The optimum body position as viewed from above to drive the boat upright is around 90 degrees.Let's look at what the legs do first, or rather the part of the legs that are under the bulkhead/straps etc. Ok, we roll the boat with both our legs BUT we only use one at once.


Hip drive: photos 1 to 3:
When we are in the 'set' position our offside leg pulls on our bulkhead/straps to bring our torso towards the surface. There should be no 'active' pressure on our onside knee. (There will be some pressure as we are hanging upside down!)

We then relax the offside leg and drive the boat upright with our onside leg. Almost a spring effect. The boat is driven as far as possible with the head still down. At this point I'm looking back under the hull!

The head and torso UP at the start of the hip flick is almost as important as head and torso DOWN at the end of the hip flick.

Recovery: photos 4 to 7:
This is the point where you usually hear 'keep your head down!' What we should be saying is 'now we are going to look at how to bring the head up'


Sit on your sofa. Now lay your body down towards your paddling side keeping your feet on the ground, relax. You've fallen asleep... a voice stirs you... 'Hey..... HEY!'
You grunt something as you sit up, which part of your body do you lift first? For most people it's their head. Sitting up this way is intuitive, top vertebra first, followed by the next, followed by the next and so on. We need to learn how to sit up from the bottom vertebra first, followed by the next, followed by the next and so on. A sort of whip effect!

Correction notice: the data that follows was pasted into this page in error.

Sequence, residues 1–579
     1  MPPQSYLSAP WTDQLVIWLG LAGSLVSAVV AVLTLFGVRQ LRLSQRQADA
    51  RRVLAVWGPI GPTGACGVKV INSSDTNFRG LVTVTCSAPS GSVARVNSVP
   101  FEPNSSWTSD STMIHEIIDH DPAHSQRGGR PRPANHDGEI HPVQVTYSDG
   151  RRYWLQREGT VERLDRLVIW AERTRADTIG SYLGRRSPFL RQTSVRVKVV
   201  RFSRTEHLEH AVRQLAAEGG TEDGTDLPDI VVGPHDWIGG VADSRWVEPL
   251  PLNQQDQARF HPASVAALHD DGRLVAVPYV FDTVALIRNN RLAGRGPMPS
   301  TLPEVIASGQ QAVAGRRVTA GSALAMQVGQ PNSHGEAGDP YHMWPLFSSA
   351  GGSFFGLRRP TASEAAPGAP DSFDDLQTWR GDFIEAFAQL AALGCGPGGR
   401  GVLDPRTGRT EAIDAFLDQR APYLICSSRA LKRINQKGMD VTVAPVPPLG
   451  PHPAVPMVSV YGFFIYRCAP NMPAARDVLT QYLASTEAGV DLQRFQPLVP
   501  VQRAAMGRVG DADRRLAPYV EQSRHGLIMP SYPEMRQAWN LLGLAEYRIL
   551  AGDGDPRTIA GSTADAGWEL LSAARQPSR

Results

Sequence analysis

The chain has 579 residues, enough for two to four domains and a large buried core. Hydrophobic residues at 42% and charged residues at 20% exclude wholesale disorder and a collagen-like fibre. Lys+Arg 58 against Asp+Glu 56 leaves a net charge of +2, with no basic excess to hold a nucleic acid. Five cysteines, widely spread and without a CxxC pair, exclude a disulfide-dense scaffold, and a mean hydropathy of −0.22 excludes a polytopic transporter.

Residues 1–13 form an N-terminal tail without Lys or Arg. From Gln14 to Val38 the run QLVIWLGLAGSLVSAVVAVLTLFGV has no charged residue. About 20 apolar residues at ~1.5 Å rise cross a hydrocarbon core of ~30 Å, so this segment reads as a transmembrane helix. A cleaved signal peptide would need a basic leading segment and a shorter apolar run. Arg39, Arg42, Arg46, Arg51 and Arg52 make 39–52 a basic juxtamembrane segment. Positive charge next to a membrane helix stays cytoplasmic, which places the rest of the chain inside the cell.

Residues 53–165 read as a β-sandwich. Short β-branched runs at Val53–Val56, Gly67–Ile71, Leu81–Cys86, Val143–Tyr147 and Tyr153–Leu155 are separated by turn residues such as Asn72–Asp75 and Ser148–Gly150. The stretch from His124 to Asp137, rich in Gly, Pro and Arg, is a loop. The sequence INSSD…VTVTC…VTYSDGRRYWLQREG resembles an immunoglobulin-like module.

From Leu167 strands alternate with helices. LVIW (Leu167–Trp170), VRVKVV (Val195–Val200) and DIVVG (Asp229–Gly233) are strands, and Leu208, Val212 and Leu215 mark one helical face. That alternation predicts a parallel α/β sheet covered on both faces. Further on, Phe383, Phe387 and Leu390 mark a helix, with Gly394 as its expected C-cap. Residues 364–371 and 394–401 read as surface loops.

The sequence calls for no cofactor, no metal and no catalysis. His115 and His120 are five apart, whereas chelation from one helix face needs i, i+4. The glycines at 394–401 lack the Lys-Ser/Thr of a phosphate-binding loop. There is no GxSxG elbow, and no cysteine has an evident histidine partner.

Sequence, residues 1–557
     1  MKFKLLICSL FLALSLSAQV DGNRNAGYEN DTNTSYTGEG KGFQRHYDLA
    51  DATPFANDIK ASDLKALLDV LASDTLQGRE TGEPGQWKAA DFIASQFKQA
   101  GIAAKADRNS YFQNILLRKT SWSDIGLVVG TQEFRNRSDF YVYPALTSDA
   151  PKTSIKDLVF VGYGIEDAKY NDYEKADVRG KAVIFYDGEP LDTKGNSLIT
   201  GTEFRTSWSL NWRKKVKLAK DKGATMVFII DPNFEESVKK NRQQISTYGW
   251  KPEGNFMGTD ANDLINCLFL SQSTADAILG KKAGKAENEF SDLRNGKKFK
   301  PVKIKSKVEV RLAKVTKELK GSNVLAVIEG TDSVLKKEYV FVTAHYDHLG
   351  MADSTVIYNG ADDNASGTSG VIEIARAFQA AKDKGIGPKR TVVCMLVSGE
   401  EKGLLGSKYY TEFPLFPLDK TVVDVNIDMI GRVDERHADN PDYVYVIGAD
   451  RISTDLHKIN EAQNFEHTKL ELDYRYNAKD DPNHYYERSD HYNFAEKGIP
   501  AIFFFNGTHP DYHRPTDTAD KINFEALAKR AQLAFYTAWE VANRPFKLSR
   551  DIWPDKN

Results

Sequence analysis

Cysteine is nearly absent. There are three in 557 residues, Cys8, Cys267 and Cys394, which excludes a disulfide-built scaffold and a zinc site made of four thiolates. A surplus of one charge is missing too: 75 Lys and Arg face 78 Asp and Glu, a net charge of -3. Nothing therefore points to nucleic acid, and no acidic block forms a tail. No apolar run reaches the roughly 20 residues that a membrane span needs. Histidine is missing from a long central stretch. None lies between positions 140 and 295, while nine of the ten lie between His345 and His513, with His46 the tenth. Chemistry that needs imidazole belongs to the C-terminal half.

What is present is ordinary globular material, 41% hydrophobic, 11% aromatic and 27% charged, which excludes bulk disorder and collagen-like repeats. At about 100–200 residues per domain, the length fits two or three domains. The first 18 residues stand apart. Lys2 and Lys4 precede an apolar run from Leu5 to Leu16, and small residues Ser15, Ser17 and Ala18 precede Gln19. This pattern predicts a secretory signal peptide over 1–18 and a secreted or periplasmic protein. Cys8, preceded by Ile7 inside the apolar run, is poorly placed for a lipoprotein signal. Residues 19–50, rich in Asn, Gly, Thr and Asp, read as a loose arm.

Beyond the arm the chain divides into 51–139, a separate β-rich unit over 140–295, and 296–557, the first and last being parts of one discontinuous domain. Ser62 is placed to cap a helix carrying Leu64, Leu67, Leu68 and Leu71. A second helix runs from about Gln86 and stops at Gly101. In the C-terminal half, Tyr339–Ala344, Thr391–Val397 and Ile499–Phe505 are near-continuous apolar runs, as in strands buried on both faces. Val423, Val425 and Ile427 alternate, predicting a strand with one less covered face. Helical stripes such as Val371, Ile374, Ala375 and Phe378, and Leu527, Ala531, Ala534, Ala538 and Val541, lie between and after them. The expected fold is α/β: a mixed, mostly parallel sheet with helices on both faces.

Paddle position: photos 1 to 3
For the 'set' position the body is in the same position as in the hip drive practice drill. I usually start with the front of the blade facing down, the blade and body are then moved out to the side together. The blade is then flipped over so that pressure can be applied to the back of the blade.

Blade pressure: photos 4 to 9:
A small amount of pressure is then placed on the blade to initiate the hip drive, this pressure then decreases as the boat is driven upright. Pressure then increases again to assist the recovery.

Timing triggers:
When experimenting with your roll a series of timing triggers can be used to calibrate the individual elements. For example after the set position I 'pat' the surface with the back of the blade, this triggers my hip drive. I then drive until the colour of the hull can be seen, this triggers the recovery. Pat, drive, red, recover. Saying these will act as reminders; changing the rhythm and timing of these will give you feedback on your roll.